2010/10/27-28 Sixteen Wet Miles over Two Days
After the valley of Fire, we spent the night in St.George, Utah, and arrived at Zion National Park the next day. Exploring the narrow slot canyons of the North Fork Virgin River is the classic hike to do in Zion. It can be done as an out and back day trip from the bottom, or as an overnighter from the top. The top down option can be done in single very long day, when days are longer than they currently are, or for the more hard-core types.
We decided on the overnight option. We got back-country permits, and this included being assigned a camp site and issued special “poo bags.” The bags were a first for us. They look like a large foil pouch, but various layers of expanding bags and special kitty litter are inside, and they even provide TP! We could see the need for these; this well-travelled narrow canyon would be unpleasant without them.
|Rented Canyoneering Footwear|
Winter comes suddenly here, and it has come. The water temperature is about 10 degrees Celsius, and we were to spend 60% of our time walking in it, so we rented dry pants, canyoneering footwear (vibram-soled boots with neoprene socks) and stout wooden staffs from an outfitter. Trekking poles are not likely to survive this hike, we were told. We took a shuttle to the starting point at Camberlain’s Ranch, along with four testosterone-fuelled MBA students on some sort of spring break who delayed the shuttle’s departure by half an hour by their lack of organization.
We walked the first mile or so across open country, a dry landscape of yellow aspen, coppery oak, with touches of red maple. We donned our special footwear as we began the wet part of the journey. How to describe a hike like this? It is like nothing we’ve ever done. The canyon walls are as much as 2,000 feet high, and the width is often only 20 feet, sometimes narrower. We crossed and recrossed the river, the wooden staffs being essential for stability because of footing akin to a jumble of greased bowling balls. We soon stopped looking for dry ways along the banks, and simply walked in the river …knee deep, or thigh deep. In the slot sections, there was no bank. For the most part, sandstone walls rose starkly, but where seeps or springs oozed or gurgled, the walls were covered in mosses, liverworts, and maidenhair fern.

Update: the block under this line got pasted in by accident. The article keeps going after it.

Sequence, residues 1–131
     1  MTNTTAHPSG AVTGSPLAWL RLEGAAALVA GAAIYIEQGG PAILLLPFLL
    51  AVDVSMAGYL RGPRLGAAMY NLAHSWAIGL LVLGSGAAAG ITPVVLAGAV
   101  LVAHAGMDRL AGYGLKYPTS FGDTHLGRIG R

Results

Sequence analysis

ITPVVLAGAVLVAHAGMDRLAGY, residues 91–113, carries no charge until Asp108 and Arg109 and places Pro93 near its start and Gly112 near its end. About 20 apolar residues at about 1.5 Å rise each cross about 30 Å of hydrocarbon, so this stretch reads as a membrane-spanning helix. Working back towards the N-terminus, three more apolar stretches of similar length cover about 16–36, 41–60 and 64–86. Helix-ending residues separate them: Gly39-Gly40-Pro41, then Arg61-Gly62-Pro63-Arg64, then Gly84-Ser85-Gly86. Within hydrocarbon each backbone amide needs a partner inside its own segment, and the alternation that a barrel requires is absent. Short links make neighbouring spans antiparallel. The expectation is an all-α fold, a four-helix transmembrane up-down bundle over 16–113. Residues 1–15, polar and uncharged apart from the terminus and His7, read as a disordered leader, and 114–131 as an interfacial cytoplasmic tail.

At our campsite, we set up a tarp shelter, having decided to leave the tent behind to save weight. It was a long cold night, with a few interruptions by pinyon mice running over us. In the morning, we could see the mice had investigated our unwashed dishes, too.
The photos simply don’t do this hike justice. The canyons are dark, we didn’t spend much time over photos, and the camera battery died at the end of the first day. The second day was more spectacular than the first, and at times we were waist deep as we manoeuvered carefully downstream. I put my hand down once to save myself, and Chris had a slightly worse slip up. Concentration is required to stay upright.
|Chris and Margo at the exit to the canyon|
As we got near the end, we began to meet bottom-uppers. We explored a side canyon, and chatted with a German couple (bottom-uppers) and a duo from Virginia and New York who were fellow top-downers. Emerging onto a manicured trail, we walked a mile or so to the shuttle bus. Private cars are not allowed on the canyon road, and the shuttles that prevent traffic jams are logistically useful to hikers. Our driver would announce the half-mile paved loops that began from each shuttle stop in a voice that sounded like she was Mae West inviting you to her boudoir. I guess many park visitors need extra encouragement to use their legs.
Back in Springdale, even though we were pretty tired, we booked another shuttle for a high country hike the next day, and chowed down on Tex-Mex burgers.